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The procedures that create a synthetic penis and scrotum (metoidioplasty, phalloplasty, and scrotoplasty), however, are not really comparable to castration. Surgical Transition as Definitive Halakhic Transition Once the surgery is done, the question becomes, what sex the person is post-surgery, halakhically speaking.Although attempts have been made to define people’s sex in halakha by their genotypic sex, little support for this can be found in the sources. The closest thing to a genotypic argument in classical rabbinic literature is the rabbis’ definition of a castrated person as male.If a male transitions to a female and has a vulva and no penis or scrotum, to me it seems counterintuitive to claim that penetration of said person’s vagina by a male should be considered .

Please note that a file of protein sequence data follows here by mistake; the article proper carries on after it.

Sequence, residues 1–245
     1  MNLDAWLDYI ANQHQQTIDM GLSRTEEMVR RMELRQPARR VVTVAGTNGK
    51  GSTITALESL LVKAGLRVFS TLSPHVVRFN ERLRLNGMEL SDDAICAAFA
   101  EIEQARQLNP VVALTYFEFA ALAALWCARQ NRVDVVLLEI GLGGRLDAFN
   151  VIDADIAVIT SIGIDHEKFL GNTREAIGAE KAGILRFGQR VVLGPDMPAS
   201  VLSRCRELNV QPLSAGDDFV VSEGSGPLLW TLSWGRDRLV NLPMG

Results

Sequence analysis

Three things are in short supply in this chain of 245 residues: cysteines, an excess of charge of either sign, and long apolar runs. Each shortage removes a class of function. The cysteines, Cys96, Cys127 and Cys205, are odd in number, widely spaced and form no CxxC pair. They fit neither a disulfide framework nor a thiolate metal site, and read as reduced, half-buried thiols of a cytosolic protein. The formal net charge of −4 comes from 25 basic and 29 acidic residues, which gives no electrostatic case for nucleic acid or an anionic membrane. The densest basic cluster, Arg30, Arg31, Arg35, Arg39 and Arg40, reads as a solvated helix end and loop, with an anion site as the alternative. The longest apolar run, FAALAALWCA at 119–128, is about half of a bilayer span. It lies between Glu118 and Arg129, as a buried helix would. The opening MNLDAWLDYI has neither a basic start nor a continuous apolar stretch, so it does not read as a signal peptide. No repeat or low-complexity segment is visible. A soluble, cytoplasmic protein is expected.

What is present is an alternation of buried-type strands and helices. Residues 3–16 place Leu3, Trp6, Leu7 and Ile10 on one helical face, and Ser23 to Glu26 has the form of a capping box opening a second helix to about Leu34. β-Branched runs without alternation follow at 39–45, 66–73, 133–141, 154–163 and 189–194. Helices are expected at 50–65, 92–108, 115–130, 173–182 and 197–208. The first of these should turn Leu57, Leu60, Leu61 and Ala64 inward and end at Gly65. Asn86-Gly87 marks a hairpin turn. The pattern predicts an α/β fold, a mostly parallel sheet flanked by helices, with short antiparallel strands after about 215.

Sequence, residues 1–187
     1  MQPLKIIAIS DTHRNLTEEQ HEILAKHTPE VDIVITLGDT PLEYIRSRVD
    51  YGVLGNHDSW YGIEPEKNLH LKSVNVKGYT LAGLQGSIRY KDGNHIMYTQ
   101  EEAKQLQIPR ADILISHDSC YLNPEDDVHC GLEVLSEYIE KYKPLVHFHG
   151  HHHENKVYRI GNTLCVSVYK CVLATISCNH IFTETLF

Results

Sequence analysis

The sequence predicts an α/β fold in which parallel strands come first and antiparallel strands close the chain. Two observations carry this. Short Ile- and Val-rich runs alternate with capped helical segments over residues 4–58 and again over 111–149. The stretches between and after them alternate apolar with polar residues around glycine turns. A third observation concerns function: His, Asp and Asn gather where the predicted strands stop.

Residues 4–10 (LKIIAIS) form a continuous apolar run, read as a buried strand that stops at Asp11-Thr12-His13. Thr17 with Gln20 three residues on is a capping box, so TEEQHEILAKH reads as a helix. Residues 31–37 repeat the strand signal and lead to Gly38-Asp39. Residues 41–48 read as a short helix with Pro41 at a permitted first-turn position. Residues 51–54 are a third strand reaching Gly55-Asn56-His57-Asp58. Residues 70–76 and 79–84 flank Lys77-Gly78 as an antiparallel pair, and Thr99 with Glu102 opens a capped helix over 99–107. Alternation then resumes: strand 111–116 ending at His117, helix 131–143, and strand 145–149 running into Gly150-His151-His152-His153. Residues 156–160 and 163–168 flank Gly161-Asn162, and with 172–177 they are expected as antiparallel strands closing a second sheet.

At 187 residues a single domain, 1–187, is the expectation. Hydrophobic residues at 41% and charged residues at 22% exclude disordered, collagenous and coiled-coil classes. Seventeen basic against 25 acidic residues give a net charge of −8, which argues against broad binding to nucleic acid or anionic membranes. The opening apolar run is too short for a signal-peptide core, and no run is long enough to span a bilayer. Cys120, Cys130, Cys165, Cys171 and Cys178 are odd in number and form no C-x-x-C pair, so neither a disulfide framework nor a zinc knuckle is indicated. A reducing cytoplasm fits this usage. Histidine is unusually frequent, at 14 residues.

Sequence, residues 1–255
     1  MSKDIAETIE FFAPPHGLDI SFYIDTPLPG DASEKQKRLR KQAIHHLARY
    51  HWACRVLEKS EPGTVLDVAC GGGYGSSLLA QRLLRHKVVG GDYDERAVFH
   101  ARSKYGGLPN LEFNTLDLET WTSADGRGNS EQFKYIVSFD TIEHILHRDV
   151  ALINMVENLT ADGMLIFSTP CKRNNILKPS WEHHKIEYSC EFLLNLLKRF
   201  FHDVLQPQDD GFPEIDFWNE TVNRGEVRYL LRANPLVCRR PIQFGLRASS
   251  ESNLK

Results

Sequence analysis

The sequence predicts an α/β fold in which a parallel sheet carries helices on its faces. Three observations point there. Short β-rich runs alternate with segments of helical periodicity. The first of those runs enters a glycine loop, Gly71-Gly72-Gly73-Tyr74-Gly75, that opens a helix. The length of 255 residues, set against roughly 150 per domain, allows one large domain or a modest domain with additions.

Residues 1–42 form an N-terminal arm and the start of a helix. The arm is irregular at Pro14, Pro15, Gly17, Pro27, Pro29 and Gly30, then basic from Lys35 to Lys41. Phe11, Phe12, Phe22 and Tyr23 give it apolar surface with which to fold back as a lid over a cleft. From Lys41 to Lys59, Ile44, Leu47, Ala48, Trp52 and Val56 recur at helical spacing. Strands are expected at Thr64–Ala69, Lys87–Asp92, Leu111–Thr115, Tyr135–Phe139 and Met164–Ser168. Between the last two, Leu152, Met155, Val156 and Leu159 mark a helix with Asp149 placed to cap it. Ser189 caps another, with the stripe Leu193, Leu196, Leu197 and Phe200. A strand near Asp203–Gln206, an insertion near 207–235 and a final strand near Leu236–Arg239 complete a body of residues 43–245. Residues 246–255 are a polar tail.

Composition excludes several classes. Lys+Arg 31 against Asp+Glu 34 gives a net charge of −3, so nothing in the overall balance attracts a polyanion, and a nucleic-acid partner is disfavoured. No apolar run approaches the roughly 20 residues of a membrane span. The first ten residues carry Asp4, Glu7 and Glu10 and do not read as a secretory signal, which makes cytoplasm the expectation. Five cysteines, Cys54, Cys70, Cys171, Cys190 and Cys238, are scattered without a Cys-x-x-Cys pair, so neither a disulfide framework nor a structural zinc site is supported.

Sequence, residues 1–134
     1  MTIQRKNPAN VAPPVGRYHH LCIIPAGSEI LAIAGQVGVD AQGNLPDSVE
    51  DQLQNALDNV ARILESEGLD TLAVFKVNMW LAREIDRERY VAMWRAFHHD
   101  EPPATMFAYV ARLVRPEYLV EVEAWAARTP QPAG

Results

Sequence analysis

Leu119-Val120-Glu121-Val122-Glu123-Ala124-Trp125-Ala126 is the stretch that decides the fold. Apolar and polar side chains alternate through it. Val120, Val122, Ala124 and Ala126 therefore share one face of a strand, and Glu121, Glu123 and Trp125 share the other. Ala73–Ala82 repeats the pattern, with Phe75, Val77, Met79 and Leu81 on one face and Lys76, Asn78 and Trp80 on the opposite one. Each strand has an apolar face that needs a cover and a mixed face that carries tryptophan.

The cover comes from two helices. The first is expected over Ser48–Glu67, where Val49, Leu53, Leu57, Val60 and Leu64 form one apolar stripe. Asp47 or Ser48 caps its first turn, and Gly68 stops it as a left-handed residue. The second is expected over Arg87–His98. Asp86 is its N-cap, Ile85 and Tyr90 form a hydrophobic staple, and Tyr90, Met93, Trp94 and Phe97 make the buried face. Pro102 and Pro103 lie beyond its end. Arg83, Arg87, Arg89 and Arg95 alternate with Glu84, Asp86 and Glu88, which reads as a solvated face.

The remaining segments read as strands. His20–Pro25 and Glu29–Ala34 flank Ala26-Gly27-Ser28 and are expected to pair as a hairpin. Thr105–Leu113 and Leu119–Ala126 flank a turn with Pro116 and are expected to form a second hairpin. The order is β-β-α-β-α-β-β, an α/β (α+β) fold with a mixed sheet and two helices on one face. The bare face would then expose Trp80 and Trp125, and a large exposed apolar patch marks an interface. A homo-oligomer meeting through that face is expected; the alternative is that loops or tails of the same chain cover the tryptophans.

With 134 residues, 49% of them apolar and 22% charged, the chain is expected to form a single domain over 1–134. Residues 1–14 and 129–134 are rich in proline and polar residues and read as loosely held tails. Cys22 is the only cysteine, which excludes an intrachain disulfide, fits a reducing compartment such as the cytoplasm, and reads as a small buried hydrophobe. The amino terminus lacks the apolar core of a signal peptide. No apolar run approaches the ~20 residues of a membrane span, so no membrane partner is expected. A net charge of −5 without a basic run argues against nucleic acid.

In such cases, loss of a penis should not be considered definitive of the person’s gender, but this is very different from cases of sex reassignment surgery.As challenging as being transgender already is in the larger world, Orthodox Judaism poses some unique challenges.In this essay, I will outline some of these challenges and suggest ways of ameliorating or solving the problems.My goal is to stimulate thought about how to integrate transgender Jews who wish to be part of the Orthodox world, into our shuls and our communities in as seamless a manner as possible. Clarifying our Terminology Since discussions of liminal or non-binary sexual identities can get confusing, and since there is no absolute agreement on terminology, I would like to define my terms up front.When discussing a person’s gender identity, at least six things can be meant.